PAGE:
Broken Social Scene


(Copyright © 1999 Piero Scaruffi | Legal restrictions - Termini d'uso )
Feel Good Lost (2001), 6/10
You Forgot It in People (2002) , 7/10
Beehives (2004), 4.5/10
Broken Social Scene (2005), 6/10
Jason Collett: Bitter Beauty (2002), 6/10
Jason Collett: Motor Motel Love Songs (2003), 5/10
Jason Collett: Idols Of Exile (2006), 6/10
Jason Collett: Here's to Being Here (2008), 5/10
Jason Collett: Rat A Tat Tat (2010), 4.5/10
Forgiveness Rock Record (2010), 6/10
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Alt-rock supergroup Broken Social Scene, hailing from Toronto (Canada) and led by Kevin Drew and Brendan Canning, debuted with Feel Good Lost (Arts & Crafts, 2001), a low-key (mostly instrumental) atmospheric fresco made of many interlocking parts, from the impressionist watercolor Guilty Cubicles to the easy-listening parody Alive in 85 to the dissonant violin lullaby Mossbraker to the gently droning and looping eight-minute Last Place, the most atmospheric composition. The band rarely repeats itself. I Slept With Bonhomme at the CBC harkens back to the minimalist nostalgic chamber music a` la Penguin Cafè Orchestra. The drums trigger the metamorphoses of Love and Mathematics, from jazzy interlude to minimalist iteration to emphatic crescendo. The electro-orchestral lull of Passport Radio dilates and distorts a soul ballad. The closer, Cranley's Gonna Make It, is an upbeat country-rock shuffle. The vocal songs are no less creative. The seven-minute Blues for Uncle Gibb is indeed an old-fashioned blues, although recorded as if we were listening to it from a keyhole. The Stomach Song does the same thing to folk music, except that it adds a psychedelic touch.

The project truly blossomed with the more robust and varied You Forgot It in People (Arts & Crafts, 2002), that employed 15 players. Bookended by two brief instrumentals, the first one an ambient watercolor (Capture the Flag) and the last one a neoclassical interlude (Pitter Patter Goes My Heart), the songs run the gamut from ebullient noise-rock (Almost Crimes) to Latin-tinged folk-rock (Looks Just Like the Sun), from childish folk lullaby (Anthems for a Seventeen Year-old Girl, penned by vocalist Emily Haines) to poppy Dinosaur Jr-esque work-outs (Cause = Time). The most memorable moments are not the melodies or the guitar riffs or the solos, but the ones in which the music gently morphs into its own negation: Stars and Sons (from mellow soul-pop to surreal dissonant freak-out), Shampoo Suicide (from Latin-funky shuffles a` la Santana to eerie bacchanals), the exotic twang-driven muzak of the instrumental Pacific Theme.
The lyrical impetus of the album peaks with the moving six-minute dirge Lover's Spit, sung in a tone that borrows from both Lou Reed and Bob Dylan at a funereal tempo against the backdrop of a horn fanfare.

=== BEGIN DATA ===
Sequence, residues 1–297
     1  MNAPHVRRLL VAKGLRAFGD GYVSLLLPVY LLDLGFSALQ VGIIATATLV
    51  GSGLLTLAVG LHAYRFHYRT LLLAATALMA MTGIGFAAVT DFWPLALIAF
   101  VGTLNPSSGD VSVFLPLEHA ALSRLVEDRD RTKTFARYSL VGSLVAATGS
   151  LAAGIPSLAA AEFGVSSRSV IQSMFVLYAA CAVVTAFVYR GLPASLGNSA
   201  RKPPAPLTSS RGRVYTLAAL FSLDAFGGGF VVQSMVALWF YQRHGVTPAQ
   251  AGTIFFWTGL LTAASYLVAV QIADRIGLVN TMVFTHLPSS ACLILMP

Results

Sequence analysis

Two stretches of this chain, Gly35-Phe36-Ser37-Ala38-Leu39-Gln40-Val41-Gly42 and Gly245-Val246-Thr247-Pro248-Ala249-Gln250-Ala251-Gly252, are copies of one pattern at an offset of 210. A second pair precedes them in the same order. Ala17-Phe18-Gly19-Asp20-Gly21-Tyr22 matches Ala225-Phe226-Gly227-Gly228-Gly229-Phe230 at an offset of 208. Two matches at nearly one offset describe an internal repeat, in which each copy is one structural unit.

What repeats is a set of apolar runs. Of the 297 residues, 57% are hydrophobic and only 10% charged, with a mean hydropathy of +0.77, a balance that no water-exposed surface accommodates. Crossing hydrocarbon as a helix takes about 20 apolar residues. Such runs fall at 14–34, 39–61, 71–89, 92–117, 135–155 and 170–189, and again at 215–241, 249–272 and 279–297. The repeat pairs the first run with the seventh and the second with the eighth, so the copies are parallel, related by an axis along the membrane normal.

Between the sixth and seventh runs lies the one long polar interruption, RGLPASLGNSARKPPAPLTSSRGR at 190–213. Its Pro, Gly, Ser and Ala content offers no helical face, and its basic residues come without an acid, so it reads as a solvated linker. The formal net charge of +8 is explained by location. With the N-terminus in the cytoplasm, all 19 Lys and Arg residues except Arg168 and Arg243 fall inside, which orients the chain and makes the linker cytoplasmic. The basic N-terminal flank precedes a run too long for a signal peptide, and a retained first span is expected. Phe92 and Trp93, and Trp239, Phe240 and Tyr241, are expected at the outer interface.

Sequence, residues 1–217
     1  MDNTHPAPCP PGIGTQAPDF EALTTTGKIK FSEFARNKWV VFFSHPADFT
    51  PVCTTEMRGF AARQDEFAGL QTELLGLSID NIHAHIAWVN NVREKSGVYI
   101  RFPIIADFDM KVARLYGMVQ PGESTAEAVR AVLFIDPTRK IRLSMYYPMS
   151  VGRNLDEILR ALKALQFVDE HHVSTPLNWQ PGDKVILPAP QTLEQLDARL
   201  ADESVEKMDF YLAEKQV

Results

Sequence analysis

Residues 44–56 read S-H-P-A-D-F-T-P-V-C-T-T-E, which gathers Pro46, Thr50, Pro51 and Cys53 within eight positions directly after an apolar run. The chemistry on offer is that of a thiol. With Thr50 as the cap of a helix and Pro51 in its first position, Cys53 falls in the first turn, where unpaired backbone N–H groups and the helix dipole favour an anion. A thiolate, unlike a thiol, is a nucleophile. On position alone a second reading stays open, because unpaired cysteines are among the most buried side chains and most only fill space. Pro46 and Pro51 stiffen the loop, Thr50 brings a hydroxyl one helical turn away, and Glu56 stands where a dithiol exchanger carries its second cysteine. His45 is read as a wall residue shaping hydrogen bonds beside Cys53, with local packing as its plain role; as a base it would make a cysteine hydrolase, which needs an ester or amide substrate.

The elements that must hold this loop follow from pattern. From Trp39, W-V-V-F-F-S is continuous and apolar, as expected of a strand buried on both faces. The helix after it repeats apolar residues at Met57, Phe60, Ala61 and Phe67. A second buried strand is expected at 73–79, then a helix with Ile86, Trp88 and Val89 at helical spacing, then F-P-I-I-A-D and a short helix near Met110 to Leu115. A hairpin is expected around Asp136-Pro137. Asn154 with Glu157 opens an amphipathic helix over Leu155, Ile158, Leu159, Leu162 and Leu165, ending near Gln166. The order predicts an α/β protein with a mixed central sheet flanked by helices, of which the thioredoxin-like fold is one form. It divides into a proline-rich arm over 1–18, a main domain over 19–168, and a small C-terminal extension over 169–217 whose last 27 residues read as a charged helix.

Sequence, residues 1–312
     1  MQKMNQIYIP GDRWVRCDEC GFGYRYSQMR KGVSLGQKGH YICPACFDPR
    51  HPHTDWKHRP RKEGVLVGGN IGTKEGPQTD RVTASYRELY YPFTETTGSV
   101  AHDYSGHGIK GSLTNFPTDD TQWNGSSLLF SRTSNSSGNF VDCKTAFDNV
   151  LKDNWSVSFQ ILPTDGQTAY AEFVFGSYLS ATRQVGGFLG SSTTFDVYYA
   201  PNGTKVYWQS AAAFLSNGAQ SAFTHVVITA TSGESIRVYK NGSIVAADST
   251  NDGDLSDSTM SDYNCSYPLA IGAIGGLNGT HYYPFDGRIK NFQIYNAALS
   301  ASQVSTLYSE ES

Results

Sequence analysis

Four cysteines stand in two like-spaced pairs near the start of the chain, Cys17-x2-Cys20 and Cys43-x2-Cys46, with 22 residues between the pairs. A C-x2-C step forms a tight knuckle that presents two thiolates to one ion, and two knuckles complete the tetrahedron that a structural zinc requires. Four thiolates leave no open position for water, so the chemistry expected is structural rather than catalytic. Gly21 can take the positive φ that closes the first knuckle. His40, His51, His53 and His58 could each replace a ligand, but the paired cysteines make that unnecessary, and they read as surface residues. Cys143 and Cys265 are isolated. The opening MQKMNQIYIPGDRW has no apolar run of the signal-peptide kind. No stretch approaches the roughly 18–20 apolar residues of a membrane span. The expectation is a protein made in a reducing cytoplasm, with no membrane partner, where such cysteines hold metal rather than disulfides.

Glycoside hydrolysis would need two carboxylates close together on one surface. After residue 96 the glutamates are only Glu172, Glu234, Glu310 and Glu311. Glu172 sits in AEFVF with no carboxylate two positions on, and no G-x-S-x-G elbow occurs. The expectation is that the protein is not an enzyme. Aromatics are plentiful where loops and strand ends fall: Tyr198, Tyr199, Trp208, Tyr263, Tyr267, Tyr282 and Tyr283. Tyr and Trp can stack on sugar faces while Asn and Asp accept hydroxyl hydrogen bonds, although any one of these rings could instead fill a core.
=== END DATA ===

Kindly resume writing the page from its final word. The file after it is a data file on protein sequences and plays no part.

While lacking a unitary theme, the parade of styles was captivating precisely in its anarchic and protean overreaching.

Beehives (Arts and Crafts, 2004) collects B-sides, alternate takes and studio demos.

Broken Social Scene (Arts & Crafts, 2005) recaptured the ambition of You Forgot It in People but not its spontaneity. In fact, this smoldering cauldron of contradictory ideas sounded positively overwhelming precisely because there was little left to "feeling". In a sense, there was too much substance in tracks such as Ibi Dreams of Pavement, Handjobs for the Holidays and Windsurfing Nation: too many sounds to be sorted out, too many combinations to be unpacked. While occasionally lively (7/4 Shoreline) and atmospheric (Hotel, Major Label Debut), it was clear that the band's effort went into the brainier pieces. Unfortunately, those (particularly the ten-minute It's All Gonna Break) were just about the least engaging ones.

Toronto's singer-songwriter and Broken Social Scene's guitarist Jason Collett, who had already released Chrome Reflection (2000) under the moniker Bird, started his solo career with Bitter Beauty (2002), one of the best country-pop recordings of the year. Motor Motel Love Songs (2003) collected early material, but Idols Of Exile (Arts & Crafts, 2006) was an even bouncier collection than the first one (We All Lose One Another, I'll Bring the Sun, I'll Bring The Sun, Feral Republic). Out of the twelve sparsely-arranged songs of Jason Collett's Here's to Being Here (Arts and Crafts, 2008) only a handful were really worth being released, and of these only a couple (the rocker Papercut Hearts and the moving Henry's Song) validate the status of Collett as a major songwriter, while the rest presents him as a mediocre disciple of Bob Dylan.

Translation by/ Tradotto da MassimoMascia)